While in transit at Abu Dhabi International Airport recently world-renowned Professor Cyril Karabus from Cape Town was arrested and jailed over a child’s death that occurred 12 years ago. Although his trail is due to take place on November 20 his lawyers have not had access to the medical files and there is good reason to suspect that these have been tampered with. In the intervening period, he was tried and found guilty in abstentia and without any knowledge of the case. He is the victim of a legal system, largely based on sharia law, which prescribes as a matter of course that “blood money” be paid over to the victim’s family.
There are about 35 countries whose legal systems are based on sharia law. Countries applying strict forms of sharia law mandate death as a punishment for blasphemy. Abu Dhabi falls into a more lenient category of sharia law that would only prescribe imprisonment for blasphemy.
Two years after the misnamed “Arab Spring”, the resurgent religious parties are demanding the constitutions of Egypt and Libya be in accordance with sharia law. This is indeed a bitter harvest for a promising “spring”. Women, secularists and non-Muslim minorities who played leading roles in the Arab revolutions will be denied basic rights. Women, Christians and other dhimmis (non-Muslims) will not be able to give evidence in court, as their status as witnesses is diminished. Likewise these groups will suffer from diminished property, civic and social rights.
Writing in the Christian Post, Alex Murashko comments about Egypt: “Now the true face of extreme Islam is being unveiled to the world. The high hopes of the revolution and overthrow of Mubarak have now been replaced by the reality of another form of extremist government – an Islamist one.”
As Muslim populations grow, and as they penetrate into previously Christian or Buddhist societies, so will demands and pressures to accept sharia law. Multicultural Europe and Western societies have proved to be accommodating and elements of sharia law now co-exist alongside English law in the UK and Canadian law in Canada where for example polygamy is widely practised.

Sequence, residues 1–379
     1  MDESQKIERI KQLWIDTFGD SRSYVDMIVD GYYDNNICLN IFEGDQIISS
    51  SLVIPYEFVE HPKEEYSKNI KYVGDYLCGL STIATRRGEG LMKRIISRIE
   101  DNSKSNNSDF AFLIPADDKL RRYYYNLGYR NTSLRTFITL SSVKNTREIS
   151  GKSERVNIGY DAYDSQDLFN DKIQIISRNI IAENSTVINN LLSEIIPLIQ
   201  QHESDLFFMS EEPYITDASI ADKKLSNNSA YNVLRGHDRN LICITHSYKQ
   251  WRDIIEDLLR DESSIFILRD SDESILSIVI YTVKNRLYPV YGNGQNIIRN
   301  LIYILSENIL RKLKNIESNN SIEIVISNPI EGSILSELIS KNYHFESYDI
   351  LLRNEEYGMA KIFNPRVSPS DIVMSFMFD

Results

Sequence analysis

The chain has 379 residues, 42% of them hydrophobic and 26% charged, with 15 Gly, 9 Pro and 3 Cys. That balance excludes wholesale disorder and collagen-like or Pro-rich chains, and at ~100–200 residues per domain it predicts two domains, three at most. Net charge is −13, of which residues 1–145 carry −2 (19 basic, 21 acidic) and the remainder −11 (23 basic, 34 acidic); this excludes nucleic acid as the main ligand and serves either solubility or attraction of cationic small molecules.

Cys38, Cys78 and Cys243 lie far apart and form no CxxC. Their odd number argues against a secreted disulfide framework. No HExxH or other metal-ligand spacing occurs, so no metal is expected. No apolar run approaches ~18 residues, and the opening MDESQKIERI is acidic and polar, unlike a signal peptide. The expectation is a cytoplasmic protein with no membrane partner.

We need to interrogate whether sharia law is compatible with Western human rights or inimical to these rights. A cursory examination of some of sharia law’s principles should raise red flags, namely that: Islam commands that drinkers of alcohol and gamblers should be whipped; that an injured plaintiff can exact legal revenge based on the principle of a physical eye for physical eye; that a male and female thief must have a hand cut off; that highway robbers should be crucified or mutilated by having limbs severed; that homosexuals must be executed; that unmarried fornicators be whipped and adulterers be stoned to death. That Muslim and non-Muslim critics of Muhammad, the Quran and even sharia itself, be put to death and that apostates (those who leave Islam) be killed and that Islam commands offensive and aggressive jihad against anyone who either insults or questions the Prophet.
Despite there being many different interpretations of sharia “there is (according to Wikipedia) consensus among Muslims that sharia is a reflection of God’s will for humankind. Sharia must therefore be, in its purest sense, perfect and unchanging”. This precludes Islamic law from being able to reform and change because questioning the very foundations of Islam on which it is based is blasphemy and forbidden. Because sharia eschews critical thinking and reasoning it cannot stand up under scrutiny. It is dogmatic intolerant and prone to be excessive.
The increasingly anti-Western dialectic emanating from Islamic countries has merely served to harden the stance taken in 1990 by the Organisation of the Islamic Conference that adopted the Cairo Declaration on Human Rights in Islam in contradistinction to the Universal Declaration of Human Rights. The Islamic declaration completely ignores the protection of religious rights and freedoms, the freedom of association and of the press and the protection of democratic principles.
Essentially by subjecting all the rights to the qualification that they are subject to Islamic sharia law, all the hard-won rights of the West that grew out of the age of Enlightenment would be consigned to the dustbin of history. This would be a tragedy and travesty and a denial of human development based on reason and would subject mankind to a nightmare that manifests in many of the failed states that have adopted sharia law. To varying degrees sharia law in all these states tolerates heinous forms of human-rights abuses such as “honour killings”.
The time is past due for the West to draw some red lines to protect and hold onto the values it holds sacrosanct and defined in many constitutions and the Universal Declaration of Human Rights.